That property is no longer on the market, but I can put you in touch with someone who knows about it. Please contact me.
It looks like it has been listed for sale since prior to that date. It was always too high but at that time it was listed at $434,000 to $449,900 and it had various realtors over the years so they probably thought it was worth that kind of money (maybe 6-8% less). Looks like you did fine on your purchase compared to that!
Try to find someone local to the city/suburb you are considering. If you don't know where to move to, there are agents that know the various areas well and can point you in the right direction, refer you, or help you wherever you want to look.
Sometimes you are happy, sometimes you are not. The sale is final just like any normal sale. Find yourself a good Realtor to assist you and you will be more likely to be happy.
Lot's of things. If you know of a specific area or suburb of Chicago that you are interested in, you should contact a Realtor that is strong in that area. If not, you need someone that is familiar with the region and can show you or refer you to appropriate agents, etc. Work with a Buyer's agent to make sure your interests are covered and that someone is looking for things for you while you are out of town too. That Realtor should also get you in touch with local lenders, etc. Aside from this, talk with people you know in town to get some opinions. It may be friends/family, or people where you will be working, but let people know that you are interested and you will get valuable insights.
Normally the property is sold subject to existing leases. That means the renter probably has the right to finish their lease. Find out from the owner when the lease is up. (You should have an experienced realtor or attorney representing you). Also ask the seller if the lease can be terminated before closing. Then determine whether you can buy the property and live with the lease, or make your bid require that the seller resolve the issue (terminate the lease) and deliver the property vacant. Do not contact the tenant without the current owner's permission. You don't want the tenant to be working against you. These issues can many times be resolved amicably but each party does have. Legal rights and obligations.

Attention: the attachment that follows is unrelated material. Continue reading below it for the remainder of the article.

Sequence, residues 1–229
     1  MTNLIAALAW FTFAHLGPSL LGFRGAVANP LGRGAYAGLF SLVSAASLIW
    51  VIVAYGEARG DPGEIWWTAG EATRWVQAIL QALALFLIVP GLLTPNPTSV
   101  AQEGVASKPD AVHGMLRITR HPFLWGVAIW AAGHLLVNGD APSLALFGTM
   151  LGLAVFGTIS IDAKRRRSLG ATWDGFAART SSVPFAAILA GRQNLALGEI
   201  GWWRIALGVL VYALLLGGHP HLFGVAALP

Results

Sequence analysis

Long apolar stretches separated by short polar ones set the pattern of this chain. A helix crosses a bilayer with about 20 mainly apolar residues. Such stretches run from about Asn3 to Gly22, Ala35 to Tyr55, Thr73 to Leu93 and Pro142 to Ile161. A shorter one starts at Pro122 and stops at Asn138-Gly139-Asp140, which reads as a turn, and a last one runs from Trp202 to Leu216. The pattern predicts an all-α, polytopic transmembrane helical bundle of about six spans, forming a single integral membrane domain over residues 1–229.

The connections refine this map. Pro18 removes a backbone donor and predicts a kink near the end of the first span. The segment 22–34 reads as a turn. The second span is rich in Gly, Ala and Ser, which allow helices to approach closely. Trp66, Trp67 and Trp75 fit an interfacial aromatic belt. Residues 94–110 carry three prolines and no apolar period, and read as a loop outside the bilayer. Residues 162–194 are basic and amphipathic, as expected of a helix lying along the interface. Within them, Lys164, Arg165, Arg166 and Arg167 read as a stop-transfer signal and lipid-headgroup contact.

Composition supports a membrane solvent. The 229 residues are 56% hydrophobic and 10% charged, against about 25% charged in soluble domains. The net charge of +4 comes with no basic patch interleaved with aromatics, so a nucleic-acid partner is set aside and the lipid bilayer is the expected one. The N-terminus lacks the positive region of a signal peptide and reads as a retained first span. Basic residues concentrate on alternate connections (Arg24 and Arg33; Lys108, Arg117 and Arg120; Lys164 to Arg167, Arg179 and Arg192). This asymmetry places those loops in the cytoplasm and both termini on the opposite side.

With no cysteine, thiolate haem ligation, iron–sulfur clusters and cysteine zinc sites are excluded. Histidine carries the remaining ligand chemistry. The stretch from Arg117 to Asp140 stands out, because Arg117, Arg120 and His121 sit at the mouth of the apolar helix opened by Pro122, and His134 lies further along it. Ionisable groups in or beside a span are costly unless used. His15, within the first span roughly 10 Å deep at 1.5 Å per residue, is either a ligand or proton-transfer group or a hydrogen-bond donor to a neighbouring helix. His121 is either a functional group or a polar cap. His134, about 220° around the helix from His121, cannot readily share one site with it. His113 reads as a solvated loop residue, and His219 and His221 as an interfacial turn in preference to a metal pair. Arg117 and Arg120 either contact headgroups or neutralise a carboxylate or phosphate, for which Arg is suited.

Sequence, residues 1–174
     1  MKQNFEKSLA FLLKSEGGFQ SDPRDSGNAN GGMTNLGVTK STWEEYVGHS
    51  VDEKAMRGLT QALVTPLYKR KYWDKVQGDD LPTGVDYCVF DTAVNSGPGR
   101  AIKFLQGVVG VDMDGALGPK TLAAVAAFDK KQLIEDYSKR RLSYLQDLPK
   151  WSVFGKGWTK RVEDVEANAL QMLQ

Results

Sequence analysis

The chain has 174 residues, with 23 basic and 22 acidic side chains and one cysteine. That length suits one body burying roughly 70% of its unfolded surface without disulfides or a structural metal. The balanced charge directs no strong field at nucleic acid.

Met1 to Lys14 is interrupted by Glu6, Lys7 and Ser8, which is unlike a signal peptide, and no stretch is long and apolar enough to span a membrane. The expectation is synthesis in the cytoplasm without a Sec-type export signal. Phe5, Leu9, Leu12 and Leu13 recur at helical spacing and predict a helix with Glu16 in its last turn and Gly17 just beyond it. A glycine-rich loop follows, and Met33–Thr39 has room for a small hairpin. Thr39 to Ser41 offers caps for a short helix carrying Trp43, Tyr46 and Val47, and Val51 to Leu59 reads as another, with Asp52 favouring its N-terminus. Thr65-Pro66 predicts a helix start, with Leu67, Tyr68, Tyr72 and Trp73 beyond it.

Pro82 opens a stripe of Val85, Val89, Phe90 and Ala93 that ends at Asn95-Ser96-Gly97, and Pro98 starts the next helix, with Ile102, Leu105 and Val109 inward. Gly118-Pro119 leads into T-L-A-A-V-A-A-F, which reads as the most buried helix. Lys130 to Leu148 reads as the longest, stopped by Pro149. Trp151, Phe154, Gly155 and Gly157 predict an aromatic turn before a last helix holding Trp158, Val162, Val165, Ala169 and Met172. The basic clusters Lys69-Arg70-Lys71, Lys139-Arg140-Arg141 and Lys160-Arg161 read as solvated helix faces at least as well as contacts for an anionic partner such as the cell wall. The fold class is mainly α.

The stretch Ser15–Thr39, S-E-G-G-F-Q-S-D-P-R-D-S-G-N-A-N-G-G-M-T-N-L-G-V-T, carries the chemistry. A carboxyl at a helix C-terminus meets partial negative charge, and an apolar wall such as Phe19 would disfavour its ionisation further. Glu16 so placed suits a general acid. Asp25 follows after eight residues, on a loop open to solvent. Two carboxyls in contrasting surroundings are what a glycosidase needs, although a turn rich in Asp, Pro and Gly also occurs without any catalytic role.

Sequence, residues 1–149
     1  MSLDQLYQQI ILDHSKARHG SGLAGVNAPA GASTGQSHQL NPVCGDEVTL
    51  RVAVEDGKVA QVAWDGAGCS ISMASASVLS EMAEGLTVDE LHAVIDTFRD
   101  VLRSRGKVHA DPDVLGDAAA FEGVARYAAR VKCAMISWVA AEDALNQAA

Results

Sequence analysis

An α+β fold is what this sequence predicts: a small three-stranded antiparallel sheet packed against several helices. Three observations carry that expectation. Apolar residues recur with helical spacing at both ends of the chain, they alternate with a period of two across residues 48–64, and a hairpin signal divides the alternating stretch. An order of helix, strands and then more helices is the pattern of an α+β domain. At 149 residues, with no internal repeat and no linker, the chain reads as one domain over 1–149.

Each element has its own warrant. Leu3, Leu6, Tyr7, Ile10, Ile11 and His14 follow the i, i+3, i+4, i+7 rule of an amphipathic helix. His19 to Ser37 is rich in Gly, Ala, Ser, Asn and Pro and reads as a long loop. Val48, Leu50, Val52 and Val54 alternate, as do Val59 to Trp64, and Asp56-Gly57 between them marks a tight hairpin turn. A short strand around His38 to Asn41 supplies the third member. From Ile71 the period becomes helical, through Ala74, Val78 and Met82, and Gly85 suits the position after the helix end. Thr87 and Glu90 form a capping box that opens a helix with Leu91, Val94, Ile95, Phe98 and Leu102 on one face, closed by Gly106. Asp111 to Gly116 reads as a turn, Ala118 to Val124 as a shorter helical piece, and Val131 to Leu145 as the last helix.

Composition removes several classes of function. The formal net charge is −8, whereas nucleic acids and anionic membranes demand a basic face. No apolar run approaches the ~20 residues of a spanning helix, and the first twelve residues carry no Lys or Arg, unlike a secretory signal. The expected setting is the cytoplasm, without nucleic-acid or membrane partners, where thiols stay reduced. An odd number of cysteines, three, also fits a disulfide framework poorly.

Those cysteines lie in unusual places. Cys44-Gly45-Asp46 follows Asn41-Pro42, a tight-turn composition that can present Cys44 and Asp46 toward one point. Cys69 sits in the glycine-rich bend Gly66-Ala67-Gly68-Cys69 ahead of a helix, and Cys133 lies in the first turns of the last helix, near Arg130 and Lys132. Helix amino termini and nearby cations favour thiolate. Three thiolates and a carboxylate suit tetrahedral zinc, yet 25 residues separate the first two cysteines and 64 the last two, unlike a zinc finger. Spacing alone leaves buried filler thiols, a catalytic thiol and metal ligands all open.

Open Range American Grill is great! Try the Kentucky Bourbon Ale (draft) and the fish fry on Friday!
It depends on if it is careful to watch where it is going! :) No Realtor can comment on safety of a situation or neighborhood. What I'd suggest is that you ask neighbors if they feel safe. You could also go there at different times of day and evening and see how you feel. Most people seem to like an unobstructed view, but it depends on your family. If you question it still after visiting, you probably shouldn't buy it because you certainly need to feel safe in your own home.Good Luck.
I would say that you should talk with a Realtor in the area(s) that you are considering, and also talk with friends for referrals to Mortgage lenders. If you haven't already, get your finances in order and ask what documentation you will need up front because you don't want to be scrambling for it when the home is in jeopardy. If you know people where you are moving, they may know of a good Realtor to recommend or contact a good Realtor in any area and ask them to refer a good agent in the area you are looking. Most of us have networks of good agents that work in other areas. If not, use resources such as Zillow to find well rated Realtors. The Realtor will also have lenders to talk with but you are free to use a lender of your choosing.You might also seek advise from a family member or friend/collegue that has recently gone through a home purchase. Until you find a mortgage and Realtor team that you trust, you can bounce questions off of that person.That's all you really need to get started. The Realtor should guide you through the process. Enjoy this exciting time of life!! Feel free to ask questions.
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